"This is, naturally, a personal judgment. It is based on two weeks of intense conversations I have had with American national security figures. . . .

"People who know Vice-President Dick Cheney well believe he wants to strike Iran, that he has made a sober judgment that time is running out. . . .

"Defence Secretary Robert Gates is strongly opposed. Secretary of State Condoleezza Rice is also opposed.

"Some analysts believe that in the first Bush administration Cheney won all such arguments, whereas in the second administration Rice is dominant. They take this to mean Bush won't strike.

"I don't think it's that simple. It is true that Bush has ceded an enormous amount of national security power to Rice. However, the Bush administration is better seen as having two personalities, the psychology of which rose out of Bush's peculiar historical circumstances.

"Bush understands that he is unpopular across the world and, as a result to some extent, so is the US. Therefore, on every issue where it's possible, from Africa to North Korea, he presents a kindly, moderate, multilateral face. And that face is Rice.

"However, Bush also knows that history will judge him on the outcome in Iraq. So he does absolutely everything he can to win in Iraq. And this means mostly following Cheney's advice. Remember that for all of Rice's undoubted sway, she opposed the troop surge in Iraq, as did Gates. The surge went ahead anyway, and was successful.

"So at this moment, in the second half of 2008, does the Rice side of Bush or the Cheney side win the argument on Iran?

"I think anyone who pronounces dogmatically on that question doesn't know what they're talking about. For a start, if the Iranians are caught doing something stupid, the calculations change dramatically."

Not So Fast

But maybe attacking Iran wouldn't be such a great idea -- says Navy Admiral Michael G. Mullen, the chairman of the Joint Chiefs of Staff.

Peter Spiegel writes for the Los Angeles Times: "The U.S. military's top officer warned Wednesday that an Israeli airstrike against Iran would make the Middle East more unstable and could add to the stress on overworked American forces in the region. . . .

"Bush long has pointedly left open the option of military action by the U.S. or Israel, and administration officials have said they will not interfere with Israel's right to respond to what it sees as a looming threat. But American military officials are concerned that U.S. forces, stationed nearby in Iraq and Afghanistan, could become entangled in any conflict that would result. . . .

"'Opening up a third front right now would be extremely stressful for us,' he said, referring to the prospect of a direct clash with Iran while fighting continues in Iraq and Afghanistan. 'This is a very unstable part of the world, and I don't need it to be more unstable.'"

The Bottom Line

The National Security Network, a liberal group of defense and foreign policy specialists, has a new report concluding that Bush's saber-rattling is hitting Americans where it hurts: "Respected industry experts have long drawn the connection between global instability, failed Bush Administration foreign policies, and the price of oil -- which they call the 'security premium. . . .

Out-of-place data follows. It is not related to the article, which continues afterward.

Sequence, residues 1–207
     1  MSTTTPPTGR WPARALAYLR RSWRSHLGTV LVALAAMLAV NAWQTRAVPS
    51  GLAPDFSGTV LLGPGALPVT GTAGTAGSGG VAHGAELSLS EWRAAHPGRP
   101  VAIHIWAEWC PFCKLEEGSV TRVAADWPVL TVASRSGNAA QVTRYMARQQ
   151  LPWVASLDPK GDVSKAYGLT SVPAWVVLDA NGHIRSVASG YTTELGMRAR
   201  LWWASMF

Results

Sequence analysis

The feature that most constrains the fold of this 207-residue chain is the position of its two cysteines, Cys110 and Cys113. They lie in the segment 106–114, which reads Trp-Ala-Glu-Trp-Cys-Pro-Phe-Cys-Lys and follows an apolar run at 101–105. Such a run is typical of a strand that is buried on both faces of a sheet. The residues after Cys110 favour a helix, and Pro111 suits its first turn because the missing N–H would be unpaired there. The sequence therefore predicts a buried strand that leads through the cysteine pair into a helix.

"Some experts estimate this premium to be as much as $30-40 for every barrel of oil sold."

So, in addition to the cost in human lives and the geopolitical havoc ... consider the effect on gas prices.

Brian Williams and Richard Engel did just that Tuesday night on the NBC Nightly News.

Williams: "Despite all the denials, what happens if a military strike takes place against Iran?"

Engel: "Well, it all has to do with geography. Iran is in an incredibly strategic location: the Straits of Hormuz, one of the world's most important oil shipping routes. . . . Iranian-backed militias in Iraq could quickly destabilize the situation there. And in Israel, Iran has allies in both in Lebanon -- Hezbollah -- and in the Gaza Strip. . . . "

Williams: "And look at, if you look at the neighborhood Iran is in, you think about the oil business, you think about the fact we're paying four dollars a gallon now. What could happen?"

Engel: "I asked an oil analyst that very question. He said, 'The price of a barrel of oil? Name your price: $300, $400 a barrel.'"

Williams: "That could be the shock from such a military action."

Incompetence or Deception?

Steven Mufson writes in The Washington Post: "Bush administration officials told Hunt Oil last summer that they did not object to its efforts to reach an oil deal with the Kurdish regional government in northern Iraq, even while the State Department was publicly expressing concern that such contracts could undermine a national Iraqi petroleum law, according to documents obtained by a House committee.

"Last fall, after the deal was announced, the State Department said that it had tried to dissuade Hunt Oil from signing the contract with Kurdish regional authorities but that the company had proceeded 'regardless of our advice.' Although Hunt Oil's chief executive has been a major fundraiser for President Bush, the president said he knew nothing about the deal.

"Yesterday, however, Henry A. Waxman (D-Calif.), chairman of the House Committee on Oversight and Government Reform, released documents and e-mails showing that for nearly four months, State and Commerce department officials knew about Hunt Oil's negotiations and had told company officials that there were no objections. . . .